Sri Lanka's struggling top order rediscovered its mojo at the MCG on Thursday. Tillakaratne Dilshan and Kumar Sangakkara, both on the wrong side of 30 now, belted the Bangladesh bowlers mercilessly to lay the score for a massive 92 run victory.
Dilshan's form in the first week of the World Cup had been iffy, but he settled any doubts about his place in the playing Xl with a big century. Yet it was Sangakkara who stole the show with his aggression and dazzling stroke play.
Sangakkara now has 22 ODI centuries to go with 38 in Tests. Over the past couple of years, he has been the world's most prolific batsman in the five and one day formats.
"Thursday's story in the World Cup was not so much about Sri Lanka's victory, but of the rousing cliff-hanger in Dunedin which got Afghanistan their first win in the World Cup."
At an age when most players are working out plans to make their 'second innings' meaningful, Sangakkara has talked of prolonging his career - even in ODIs - further. As he well might, for his appetite for runs insatiable. Behind that polished, personable exterior lies a batting ogre.
Yet, Thursday's story in the World Cup was not so much about Dilshan, Sangakkara or Sri Lanka's victory (even though it has more or less assured them of a place in the quarter-final), but of the rousing cliff-hanger in Dunedin which got Afghanistan their first win in the World Cup.
All day long, the game see-sawed between the two sides, what with Scotland recovering from 144-8 to 210, then reducing Afghanistan to 132-8 before losing the match in the final over in a heart-stopping climax.
I have dwelt on Afghanistan's rise as a cricketing nation earlier. From a war-ravaged country with no great cricketing legacy to boast of, qualifying for the biggest tournament in the sport within a quarter century makes for one of the greatest stories in sport.
Call them minnows or what you will, but the zest and bloody-minded ambition of the Afghanistan team - without which Thursday's victory wouldn't have been possible -- has made them the toast of of the World Cup already.
How far they progress from here is unknown, but full of exciting possibilities. This also imposes greater responsibility on the ICC to nurture cricket in Afghanistan (and other associate members) to the extent that their performances in this World Cup does not become a flash in the pan.
This can be achieved through sustained exposure to international matches, which means full members will have to be cajoled into playing the associate members on a more regular basis than has been done in the past. Perhaps India - given the financial heft of the BCCI - can take the lead in this by accommodating matches against Afghanistan, Ireland, Scotland, UAE and the like.
Coming back to World Cup 2015, Thursday's matches also conformed to the pattern seen in the first 10 days: the game between better-ranked Lanka and Bangladesh became hopelessly one-sided, while Scotland versus Afghanistan - with neither side likely to feature even in the quarters - producing the best match of the tournament so far.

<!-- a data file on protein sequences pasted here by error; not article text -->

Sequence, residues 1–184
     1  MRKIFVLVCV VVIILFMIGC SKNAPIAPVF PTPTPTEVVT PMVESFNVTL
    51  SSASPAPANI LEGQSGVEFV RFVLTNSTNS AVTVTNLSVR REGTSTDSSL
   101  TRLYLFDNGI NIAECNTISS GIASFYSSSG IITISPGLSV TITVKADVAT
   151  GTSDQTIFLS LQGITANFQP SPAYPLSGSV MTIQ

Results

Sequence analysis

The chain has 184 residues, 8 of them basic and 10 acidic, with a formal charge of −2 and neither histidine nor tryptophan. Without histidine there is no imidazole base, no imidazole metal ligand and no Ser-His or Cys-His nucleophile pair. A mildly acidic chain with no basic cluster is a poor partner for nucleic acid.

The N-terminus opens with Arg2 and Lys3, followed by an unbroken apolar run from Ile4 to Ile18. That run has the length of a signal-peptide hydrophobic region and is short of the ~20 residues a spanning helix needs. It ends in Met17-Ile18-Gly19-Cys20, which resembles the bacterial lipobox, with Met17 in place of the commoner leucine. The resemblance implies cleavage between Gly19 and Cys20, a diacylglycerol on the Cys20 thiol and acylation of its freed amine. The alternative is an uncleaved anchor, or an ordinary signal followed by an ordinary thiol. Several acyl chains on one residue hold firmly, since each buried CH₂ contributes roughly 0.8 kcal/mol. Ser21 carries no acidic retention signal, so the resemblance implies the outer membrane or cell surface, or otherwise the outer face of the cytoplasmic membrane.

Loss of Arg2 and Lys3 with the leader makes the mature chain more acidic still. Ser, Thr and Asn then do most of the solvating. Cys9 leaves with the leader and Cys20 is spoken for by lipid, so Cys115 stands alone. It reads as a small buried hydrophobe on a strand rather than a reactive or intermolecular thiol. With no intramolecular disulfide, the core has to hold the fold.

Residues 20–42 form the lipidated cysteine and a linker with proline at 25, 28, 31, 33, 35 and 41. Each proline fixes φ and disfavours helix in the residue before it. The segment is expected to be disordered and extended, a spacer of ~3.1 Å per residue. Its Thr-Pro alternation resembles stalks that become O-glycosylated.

"Neither Eoin Morgan nor Misbah-ul-Haq will sleep easy over the next couple of days."
The bigger teams are obviously feeling the pressure - but that does not in any way reduce the expectations from them to provide exciting, close contests befitting the World Cup. Matches over the next three days should determine the tempo of the tournament; perhaps also the fate of a few teams.
On Friday, South Africa play West Indies. Some days back, forecasting the result of this match would have been a cinch. After Chris Gayle's blazing double century -- and the fact that the West Indies have scored 300-plus in all their matches yet, will have the South Africans in trepidation. A defeat could bring to the brink of ouster.
Likewise, the two matches on Sunday could bring grief or relief to England (who play Sri Lanka) and Pakistan (pitted against Zimbabwe). England have had a win against Scotland, but have lost two matches and are very poorly placed where the net run rate is concerned.
Pakistan have two defeats too, the lowest net run rate in the tournament and - to make things worse - several controversies swirling around them. Neither Eoin Morgan nor Misbah-ul-Haq will sleep easy over the next couple of days.
New Zealand, Australia and India face no such issues going into the weekend. The Trans-Tasman cousins play each other in Saturday's first game. Both are more or less assured of their quarter-final places, but topping the pool has several advantages which they will want to seize. It promises to be an intense contest.
India play UAE in Saturday's second game. While less fancied teams have been the flavour of the tournament yet, I don't foresee an upset. However, this match could have significance for M S Dhoni beyond just the two points for a win: it affords him the opportunity to experiment with a player or two, which could be useful going ahead.
It's going to be a hectic, action-packed and hopefully fulfilling three days. For the present though, the thing to savour and celebrate is Afghanistan's remarkable win on Thursday. I've settled for Afghani pulao followed by Bimal Roy's classic flick 'Kabuliwallah'.